Wisconsin farmers will have a new option for their fields this year. The state is now taking applications for people who want to grow industrial hemp.
The Department of Agriculture, Trade and Consumer Protection said 250 farmers and processors have already asked for information on growing industrial hemp. Starting this summer, fields of green could be popping up across the state for a crop that had been off limits.
"If there's a need for it, bring it back," said John of the town of Raymond.
John has been farming his land since the '70s. While he's hesitant to devote his fields to industrial hemp, he thinks others will give it the green light.
"Because the price of corn was so low last year and the beans were even low so it could be another alternative for some of the farmers to look into," he said.
Jim Naumann of Franklin doesn't have any fields to tend but plans to cash in on the crop in other ways as an entrepreneur.
"This is an economic boom, this is going to put people to work," Naumann said.
Federal drug law still doesn't differentiate between hemp and its cousin marijuana. However, last November, Wisconsin lawmakers lifted the state's ban on the crop, requiring growers and processors to simply pass a background check for state or federal drug convictions.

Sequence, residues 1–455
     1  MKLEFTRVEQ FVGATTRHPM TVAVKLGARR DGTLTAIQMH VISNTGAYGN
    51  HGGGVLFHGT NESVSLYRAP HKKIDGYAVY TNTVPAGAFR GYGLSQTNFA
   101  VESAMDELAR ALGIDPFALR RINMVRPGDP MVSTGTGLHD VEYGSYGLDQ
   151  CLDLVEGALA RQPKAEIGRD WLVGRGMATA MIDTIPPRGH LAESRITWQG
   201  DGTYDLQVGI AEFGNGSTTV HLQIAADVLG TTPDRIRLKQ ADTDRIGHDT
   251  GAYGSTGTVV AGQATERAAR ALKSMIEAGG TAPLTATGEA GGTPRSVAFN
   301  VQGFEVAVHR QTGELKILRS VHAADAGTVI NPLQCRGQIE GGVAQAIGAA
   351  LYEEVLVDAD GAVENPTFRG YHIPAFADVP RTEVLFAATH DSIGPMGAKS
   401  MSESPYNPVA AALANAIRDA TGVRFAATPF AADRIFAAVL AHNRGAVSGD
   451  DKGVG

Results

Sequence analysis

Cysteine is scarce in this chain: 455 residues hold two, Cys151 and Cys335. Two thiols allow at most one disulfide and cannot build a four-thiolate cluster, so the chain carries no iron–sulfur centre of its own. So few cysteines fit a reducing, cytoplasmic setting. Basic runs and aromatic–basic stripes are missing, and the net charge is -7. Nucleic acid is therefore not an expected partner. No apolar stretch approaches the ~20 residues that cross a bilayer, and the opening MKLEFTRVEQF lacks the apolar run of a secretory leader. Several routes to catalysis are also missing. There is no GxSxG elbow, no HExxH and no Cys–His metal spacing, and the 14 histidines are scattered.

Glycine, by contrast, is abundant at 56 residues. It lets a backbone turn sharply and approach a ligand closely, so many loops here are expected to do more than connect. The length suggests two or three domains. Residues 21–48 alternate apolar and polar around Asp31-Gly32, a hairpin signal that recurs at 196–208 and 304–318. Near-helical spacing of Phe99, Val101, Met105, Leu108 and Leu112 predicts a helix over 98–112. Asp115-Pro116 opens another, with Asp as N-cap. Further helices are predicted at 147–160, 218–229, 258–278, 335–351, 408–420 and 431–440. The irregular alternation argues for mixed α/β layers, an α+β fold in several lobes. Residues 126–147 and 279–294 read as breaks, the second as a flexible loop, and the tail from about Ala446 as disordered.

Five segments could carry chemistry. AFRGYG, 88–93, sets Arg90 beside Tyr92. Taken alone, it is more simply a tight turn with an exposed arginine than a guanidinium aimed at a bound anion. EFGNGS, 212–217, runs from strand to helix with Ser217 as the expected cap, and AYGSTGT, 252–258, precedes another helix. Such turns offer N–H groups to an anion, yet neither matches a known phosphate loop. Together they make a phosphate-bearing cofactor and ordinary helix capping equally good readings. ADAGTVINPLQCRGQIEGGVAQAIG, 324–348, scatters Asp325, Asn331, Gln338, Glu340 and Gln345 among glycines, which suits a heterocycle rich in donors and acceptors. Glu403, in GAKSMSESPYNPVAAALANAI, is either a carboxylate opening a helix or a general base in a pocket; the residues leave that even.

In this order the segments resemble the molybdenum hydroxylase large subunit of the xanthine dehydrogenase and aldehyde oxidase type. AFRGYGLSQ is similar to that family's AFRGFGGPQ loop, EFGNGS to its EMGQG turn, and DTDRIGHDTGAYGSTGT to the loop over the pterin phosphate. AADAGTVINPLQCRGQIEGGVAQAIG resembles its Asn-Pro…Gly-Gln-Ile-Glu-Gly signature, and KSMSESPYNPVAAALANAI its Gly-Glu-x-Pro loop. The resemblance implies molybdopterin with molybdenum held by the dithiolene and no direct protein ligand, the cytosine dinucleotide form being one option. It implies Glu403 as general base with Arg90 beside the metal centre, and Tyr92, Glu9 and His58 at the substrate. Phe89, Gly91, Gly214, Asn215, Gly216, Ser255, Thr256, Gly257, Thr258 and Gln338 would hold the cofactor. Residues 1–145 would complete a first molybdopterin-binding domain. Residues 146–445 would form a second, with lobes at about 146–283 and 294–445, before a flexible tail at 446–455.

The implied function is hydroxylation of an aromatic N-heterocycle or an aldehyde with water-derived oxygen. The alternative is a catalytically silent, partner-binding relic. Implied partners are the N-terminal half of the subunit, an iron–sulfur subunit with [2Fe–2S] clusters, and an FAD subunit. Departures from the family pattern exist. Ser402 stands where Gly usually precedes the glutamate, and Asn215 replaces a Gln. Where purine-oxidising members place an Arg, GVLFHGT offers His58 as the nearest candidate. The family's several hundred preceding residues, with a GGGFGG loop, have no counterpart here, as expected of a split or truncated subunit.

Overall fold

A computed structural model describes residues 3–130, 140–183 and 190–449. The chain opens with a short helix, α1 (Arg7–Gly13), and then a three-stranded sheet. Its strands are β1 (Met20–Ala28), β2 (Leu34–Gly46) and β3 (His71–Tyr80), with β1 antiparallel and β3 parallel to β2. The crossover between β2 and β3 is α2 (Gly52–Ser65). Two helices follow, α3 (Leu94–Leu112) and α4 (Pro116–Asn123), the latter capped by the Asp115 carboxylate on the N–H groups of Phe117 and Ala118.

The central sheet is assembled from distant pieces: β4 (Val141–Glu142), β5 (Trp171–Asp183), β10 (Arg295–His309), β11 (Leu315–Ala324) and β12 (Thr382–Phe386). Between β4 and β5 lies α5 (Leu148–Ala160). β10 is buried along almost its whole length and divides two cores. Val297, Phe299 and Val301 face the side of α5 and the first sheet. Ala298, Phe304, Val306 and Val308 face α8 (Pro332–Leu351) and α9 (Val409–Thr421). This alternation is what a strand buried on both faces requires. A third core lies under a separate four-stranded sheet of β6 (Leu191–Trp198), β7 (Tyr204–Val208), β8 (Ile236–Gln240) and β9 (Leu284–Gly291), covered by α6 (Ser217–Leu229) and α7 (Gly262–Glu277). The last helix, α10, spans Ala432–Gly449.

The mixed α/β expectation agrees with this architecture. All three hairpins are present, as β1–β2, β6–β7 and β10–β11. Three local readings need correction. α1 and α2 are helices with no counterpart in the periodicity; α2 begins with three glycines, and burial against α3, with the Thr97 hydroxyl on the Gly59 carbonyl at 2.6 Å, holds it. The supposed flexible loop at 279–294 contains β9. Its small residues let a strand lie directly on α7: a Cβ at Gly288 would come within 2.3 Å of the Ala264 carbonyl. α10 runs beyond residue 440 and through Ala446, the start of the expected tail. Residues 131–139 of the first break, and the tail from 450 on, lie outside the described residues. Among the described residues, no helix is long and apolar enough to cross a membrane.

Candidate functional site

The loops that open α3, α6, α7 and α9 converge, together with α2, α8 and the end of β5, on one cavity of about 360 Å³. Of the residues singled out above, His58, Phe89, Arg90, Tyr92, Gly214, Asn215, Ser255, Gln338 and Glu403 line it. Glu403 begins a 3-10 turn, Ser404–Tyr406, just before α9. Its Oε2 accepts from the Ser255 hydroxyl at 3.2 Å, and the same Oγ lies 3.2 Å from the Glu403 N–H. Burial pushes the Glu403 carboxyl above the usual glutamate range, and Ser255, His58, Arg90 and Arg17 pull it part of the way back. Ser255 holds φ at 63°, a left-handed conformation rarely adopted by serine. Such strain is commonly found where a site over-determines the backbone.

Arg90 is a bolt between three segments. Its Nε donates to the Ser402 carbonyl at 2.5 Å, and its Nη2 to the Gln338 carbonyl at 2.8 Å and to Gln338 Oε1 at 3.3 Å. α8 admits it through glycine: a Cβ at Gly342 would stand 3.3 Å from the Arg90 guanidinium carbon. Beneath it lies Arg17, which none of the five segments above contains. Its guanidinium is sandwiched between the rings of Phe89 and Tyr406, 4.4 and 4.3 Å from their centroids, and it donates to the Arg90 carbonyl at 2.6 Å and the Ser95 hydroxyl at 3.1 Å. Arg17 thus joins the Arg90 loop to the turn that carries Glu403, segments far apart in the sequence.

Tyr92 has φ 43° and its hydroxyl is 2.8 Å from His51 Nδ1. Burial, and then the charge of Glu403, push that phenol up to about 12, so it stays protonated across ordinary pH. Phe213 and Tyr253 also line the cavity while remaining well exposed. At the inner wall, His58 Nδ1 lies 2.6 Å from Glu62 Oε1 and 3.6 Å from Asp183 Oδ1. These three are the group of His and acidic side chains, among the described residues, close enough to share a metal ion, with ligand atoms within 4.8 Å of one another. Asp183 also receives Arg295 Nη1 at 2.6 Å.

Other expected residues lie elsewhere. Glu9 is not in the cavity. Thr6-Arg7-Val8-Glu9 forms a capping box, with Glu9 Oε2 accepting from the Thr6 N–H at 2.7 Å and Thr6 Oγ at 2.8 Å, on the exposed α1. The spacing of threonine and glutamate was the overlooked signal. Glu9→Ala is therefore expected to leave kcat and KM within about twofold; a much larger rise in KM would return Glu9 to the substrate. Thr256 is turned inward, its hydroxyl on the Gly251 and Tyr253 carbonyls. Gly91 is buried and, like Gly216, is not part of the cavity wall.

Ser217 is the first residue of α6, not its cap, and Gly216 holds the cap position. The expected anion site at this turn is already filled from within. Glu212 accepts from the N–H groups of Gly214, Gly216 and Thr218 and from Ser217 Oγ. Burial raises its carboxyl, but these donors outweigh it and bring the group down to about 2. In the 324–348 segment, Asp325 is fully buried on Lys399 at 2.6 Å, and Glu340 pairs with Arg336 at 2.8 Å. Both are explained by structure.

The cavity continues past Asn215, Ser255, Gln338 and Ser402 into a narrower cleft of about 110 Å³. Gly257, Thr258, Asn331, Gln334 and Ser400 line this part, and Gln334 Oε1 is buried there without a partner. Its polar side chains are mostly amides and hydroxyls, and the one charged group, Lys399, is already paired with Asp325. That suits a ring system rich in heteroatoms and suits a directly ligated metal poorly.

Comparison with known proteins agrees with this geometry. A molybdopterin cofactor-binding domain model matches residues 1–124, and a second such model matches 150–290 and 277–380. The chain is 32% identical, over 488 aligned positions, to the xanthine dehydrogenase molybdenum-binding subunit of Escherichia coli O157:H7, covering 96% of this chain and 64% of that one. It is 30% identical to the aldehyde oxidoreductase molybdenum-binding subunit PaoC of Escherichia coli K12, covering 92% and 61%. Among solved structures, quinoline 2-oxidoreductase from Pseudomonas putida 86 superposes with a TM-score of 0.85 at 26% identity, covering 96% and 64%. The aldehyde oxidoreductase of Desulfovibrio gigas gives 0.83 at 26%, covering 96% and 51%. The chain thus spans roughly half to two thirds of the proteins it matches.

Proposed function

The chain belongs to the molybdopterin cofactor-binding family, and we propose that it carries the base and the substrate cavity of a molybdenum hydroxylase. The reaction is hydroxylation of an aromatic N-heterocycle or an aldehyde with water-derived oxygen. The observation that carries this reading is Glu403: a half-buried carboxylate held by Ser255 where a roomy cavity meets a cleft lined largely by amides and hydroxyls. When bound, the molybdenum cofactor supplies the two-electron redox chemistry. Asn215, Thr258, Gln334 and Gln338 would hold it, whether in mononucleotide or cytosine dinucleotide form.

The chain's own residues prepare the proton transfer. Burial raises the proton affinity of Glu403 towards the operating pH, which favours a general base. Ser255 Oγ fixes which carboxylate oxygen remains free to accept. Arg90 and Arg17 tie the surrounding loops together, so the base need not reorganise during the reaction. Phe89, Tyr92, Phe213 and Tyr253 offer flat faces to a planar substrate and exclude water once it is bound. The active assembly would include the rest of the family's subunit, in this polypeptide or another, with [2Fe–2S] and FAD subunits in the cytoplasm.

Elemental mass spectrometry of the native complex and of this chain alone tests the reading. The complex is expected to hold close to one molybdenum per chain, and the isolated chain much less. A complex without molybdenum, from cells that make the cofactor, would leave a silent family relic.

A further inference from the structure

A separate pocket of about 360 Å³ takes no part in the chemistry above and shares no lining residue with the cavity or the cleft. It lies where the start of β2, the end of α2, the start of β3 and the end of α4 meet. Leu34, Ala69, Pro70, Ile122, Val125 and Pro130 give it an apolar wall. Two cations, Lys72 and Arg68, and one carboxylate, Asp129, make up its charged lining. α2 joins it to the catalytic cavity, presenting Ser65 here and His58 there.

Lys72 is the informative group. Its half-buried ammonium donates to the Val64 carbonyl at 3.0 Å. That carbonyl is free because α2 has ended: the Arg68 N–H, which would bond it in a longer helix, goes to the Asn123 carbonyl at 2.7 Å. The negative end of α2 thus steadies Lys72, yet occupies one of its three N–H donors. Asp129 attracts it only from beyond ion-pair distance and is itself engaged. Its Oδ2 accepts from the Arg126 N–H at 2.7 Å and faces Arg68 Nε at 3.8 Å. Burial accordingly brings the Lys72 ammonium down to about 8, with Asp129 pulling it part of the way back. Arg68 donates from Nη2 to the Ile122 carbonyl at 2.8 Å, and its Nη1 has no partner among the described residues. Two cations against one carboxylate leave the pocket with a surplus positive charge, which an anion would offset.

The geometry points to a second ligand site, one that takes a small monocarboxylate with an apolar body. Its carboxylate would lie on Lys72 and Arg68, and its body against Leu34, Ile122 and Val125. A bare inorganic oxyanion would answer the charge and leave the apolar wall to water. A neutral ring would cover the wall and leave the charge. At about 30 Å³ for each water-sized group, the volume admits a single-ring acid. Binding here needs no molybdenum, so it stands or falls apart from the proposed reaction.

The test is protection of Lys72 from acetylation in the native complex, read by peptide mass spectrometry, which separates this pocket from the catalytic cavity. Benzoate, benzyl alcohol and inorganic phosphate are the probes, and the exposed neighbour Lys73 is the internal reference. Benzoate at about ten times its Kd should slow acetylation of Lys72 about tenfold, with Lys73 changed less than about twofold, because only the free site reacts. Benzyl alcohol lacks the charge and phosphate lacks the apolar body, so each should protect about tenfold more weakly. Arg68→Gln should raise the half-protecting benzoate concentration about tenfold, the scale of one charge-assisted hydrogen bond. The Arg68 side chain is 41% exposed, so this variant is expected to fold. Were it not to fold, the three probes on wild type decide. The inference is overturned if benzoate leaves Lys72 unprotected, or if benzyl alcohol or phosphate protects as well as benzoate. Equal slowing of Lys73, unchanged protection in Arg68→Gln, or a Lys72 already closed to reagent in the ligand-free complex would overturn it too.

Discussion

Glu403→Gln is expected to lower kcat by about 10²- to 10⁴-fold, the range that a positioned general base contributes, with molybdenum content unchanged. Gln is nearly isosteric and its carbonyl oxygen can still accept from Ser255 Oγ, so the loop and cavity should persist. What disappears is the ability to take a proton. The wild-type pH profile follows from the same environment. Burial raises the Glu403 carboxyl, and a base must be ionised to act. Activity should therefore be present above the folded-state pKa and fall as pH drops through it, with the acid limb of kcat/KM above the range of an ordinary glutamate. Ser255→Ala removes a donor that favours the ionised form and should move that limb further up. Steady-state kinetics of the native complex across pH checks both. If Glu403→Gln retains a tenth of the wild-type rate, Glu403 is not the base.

"I think you're going to see a large number of applications, I also think you're going to see a number of people be a little cautious and rightly so," Naumann said.
Naumann said hemp fiber and oil can be used in a number of products including medicine.
"It was primarily a fabric, rope situation, now we are going to see it in a wide variety of areas," he said. "Look for biodegradable plastics, certainly look for the hemp oil and the CBD isolates."
The big question that remains, will farmers be able to make enough money off the crop to replace guarantees like corn, soy beans and hay.
"There might be a chance for some farmers to survive so there might be a bright future for someone," John said.
Naumann has organized Wisconsin's first hemp expo set for this Friday at the American Serb Hall on W. Oklahoma Ave. in Milwaukee. Naumann says there, farmers will have the opportunity to learn more about the crop and its uses. Farmers have until may to apply to grow in 2018.